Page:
To meet the requirements of the National Curriculum, all classes in Key Stage 1 and 2 follow some pre-planned topics.
The ‘topic-based’ approach to the curriculum which we follow at Sharp Lane Primary means that wherever possible, we group our subjects around a broad theme. The topics we choose depend on three factors:
The National Curriculum sets out the minimum content. At Sharp Lane Primary, we make sure children learn lots of additional skills, knowledge and understanding. For example:
Not all subjects can naturally ‘fit’ within a topic and so these subjects are usually taught in a discrete way. Religious Education does not usually link with a topic and so it’s taught separately. Not everything in Maths links effectively with a topic and so this often runs separately, but links are made whenever possible.
Problem-solving and thinking skills: Another aim of our teaching is to build children’s confidence to investigate and find solutions to problems and to think for themselves. There are many ways to build up skills in this area. For example, we might do this through lots of positive reinforcement and encouragement, teaching step-by-step problem-solving techniques, and indirectly by using role-play or other realistic problems to reach agreement.
If you require further information regarding the curriculum please contact Amy Watkins Curriculum lead on the e-mail below.
Click on the links below to see the 'end of year expectations 'in the core subjects for each year group:
Teaching of Phonics
Phonics is a way of teaching children to read and write. It is the ability to hear, identify, and manipulate sounds and understand the link between the sound (phoneme) and the way it is written (grapheme).
At Sharp Lane Primary school, we follow the Letters and Sounds programme. This is a phonics programme in which individual letters or letter sounds are ‘blended’ to form groups of letters or sounds, and those groups are then blended to form complete words. We supplement this teaching with strategies from Jolly Phonics to support the children learn the letter sounds effectively.
Children throughout Early Years and Key Stage 1 take part in daily phonics sessions. These focus on developing reading, writing and speaking and listening skills. The ‘Letters and Sounds’ programme is divided into six phases, with each phase building on the skills and knowledge of previous learning.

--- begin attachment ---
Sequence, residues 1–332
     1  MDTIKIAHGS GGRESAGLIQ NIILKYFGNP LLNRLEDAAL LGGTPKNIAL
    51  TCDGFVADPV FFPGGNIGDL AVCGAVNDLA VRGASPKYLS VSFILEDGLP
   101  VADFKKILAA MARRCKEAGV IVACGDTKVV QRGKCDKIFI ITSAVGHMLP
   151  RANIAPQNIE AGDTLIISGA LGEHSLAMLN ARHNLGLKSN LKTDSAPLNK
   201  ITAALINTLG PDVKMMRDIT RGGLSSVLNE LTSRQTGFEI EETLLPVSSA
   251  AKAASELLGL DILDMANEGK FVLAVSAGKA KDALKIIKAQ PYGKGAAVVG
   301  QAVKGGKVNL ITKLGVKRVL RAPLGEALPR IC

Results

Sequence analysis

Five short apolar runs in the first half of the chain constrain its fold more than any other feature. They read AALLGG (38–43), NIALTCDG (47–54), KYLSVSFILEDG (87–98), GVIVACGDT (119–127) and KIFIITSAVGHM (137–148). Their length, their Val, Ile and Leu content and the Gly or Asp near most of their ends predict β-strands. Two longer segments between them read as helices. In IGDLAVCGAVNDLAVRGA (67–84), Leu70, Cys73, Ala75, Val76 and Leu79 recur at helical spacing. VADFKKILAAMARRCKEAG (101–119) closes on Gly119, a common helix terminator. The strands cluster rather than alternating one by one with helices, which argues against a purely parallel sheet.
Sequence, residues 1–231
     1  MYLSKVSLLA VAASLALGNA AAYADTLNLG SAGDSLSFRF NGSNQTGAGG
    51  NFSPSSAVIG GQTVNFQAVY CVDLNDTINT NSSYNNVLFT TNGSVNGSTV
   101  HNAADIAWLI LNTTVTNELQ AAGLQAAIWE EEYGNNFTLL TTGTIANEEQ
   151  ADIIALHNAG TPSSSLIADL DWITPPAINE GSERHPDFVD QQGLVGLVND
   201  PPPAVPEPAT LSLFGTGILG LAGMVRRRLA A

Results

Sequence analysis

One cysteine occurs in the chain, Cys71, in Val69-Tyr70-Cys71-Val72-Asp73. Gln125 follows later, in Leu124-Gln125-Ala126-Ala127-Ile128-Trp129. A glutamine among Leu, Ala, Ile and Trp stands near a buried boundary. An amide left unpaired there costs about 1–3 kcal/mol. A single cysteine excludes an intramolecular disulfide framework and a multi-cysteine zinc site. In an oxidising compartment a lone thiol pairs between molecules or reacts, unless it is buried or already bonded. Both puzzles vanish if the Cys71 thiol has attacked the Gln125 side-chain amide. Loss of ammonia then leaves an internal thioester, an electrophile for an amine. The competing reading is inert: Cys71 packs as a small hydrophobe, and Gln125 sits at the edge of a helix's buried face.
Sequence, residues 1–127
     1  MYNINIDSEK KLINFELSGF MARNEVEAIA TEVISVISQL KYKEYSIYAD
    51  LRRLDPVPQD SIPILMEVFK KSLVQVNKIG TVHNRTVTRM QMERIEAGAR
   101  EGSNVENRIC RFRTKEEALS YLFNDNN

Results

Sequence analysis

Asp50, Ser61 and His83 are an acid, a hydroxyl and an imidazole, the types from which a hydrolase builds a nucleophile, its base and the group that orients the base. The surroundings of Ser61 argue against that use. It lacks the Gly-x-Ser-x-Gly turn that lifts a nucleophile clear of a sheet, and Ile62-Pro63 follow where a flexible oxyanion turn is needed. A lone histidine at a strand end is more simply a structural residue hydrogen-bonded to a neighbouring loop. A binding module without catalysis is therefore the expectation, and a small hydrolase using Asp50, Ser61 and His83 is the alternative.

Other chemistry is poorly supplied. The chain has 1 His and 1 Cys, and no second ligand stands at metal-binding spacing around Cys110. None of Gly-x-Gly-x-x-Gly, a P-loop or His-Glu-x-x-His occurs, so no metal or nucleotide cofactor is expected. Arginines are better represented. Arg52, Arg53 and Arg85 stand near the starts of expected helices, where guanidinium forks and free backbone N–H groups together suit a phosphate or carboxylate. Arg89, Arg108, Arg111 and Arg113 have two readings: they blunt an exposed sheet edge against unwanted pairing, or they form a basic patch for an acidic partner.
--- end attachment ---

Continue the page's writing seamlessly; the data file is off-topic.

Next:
Children are also taught to read and spell ‘tricky words’ – words with spellings that are unusual. These include the words ‘to’, ‘was’, ‘said’ and ‘the’. ‘Tricky words’ are ones that we can’t sound out and blend – so these words just need to be remembered.
Here are some of the terms you may come across in our phonics work:
vowels – the open sounds / letters of the alphabet: a,e,i,o and u
consonants – sounds/ letters of the alphabet that are not vowels.
blend – to merge individual sounds together to pronounce a word, e.g. s-n-a-p, blended together, reads snap
cluster – two (or three) letters making two (or three) sounds, e.g. the first three letters of 'straight' are a consonant cluster
digraph – two letters making one sound, e.g. sh, ch, th, ph.
vowel digraphs – two vowels which, together, make one sound, e.g. ai, oo, ow
split digraph – two letters, split, making one sound, e.g. a-e as in make or i-e in site
trigraph – three letters making one sound eg igh, ure, air
grapheme – letter or a group of letters representing one sound, e.g. sh, ch, igh, ough (as in 'though')
mnemonic — a device for memorising and recalling something, such as a snake shaped like the letter 'S'
phoneme — the smallest single identifiable sound, e.g. the letters 'sh' represent just one sound, but 'sp' represents two (/s/ and /p/)
segment (verb) — to split up a word into its individual phonemes in order to spell it, e.g. the word 'cat' has three phonemes: /c/, /a/, /t/
enunciation – articulating words and letter sounds clearly and distinctly
Hints and tips
Try to say the short, pure sound of the letter, not the letter name. This will help children when they come to blend words together. E.g. the letter names dee-oh-gee don’t blend together to make ‘dog’. Please check your class webpage for links to videos demonstrating the correct enunciation of pure letter sounds.
Read regularly with your child - Encourage children to recognise sounds and as they grow more confident, encourage them to blend the sounds together and to read sentences independently.
When you are reading to your child, emphasise the rhyming words and ask what is special about them.
Initial letter sound hunt – Say a sound to your child and see if they can find something in their house that starts with that letter. This also works well with ‘I spy’ but remember to use the letter sound and not its name.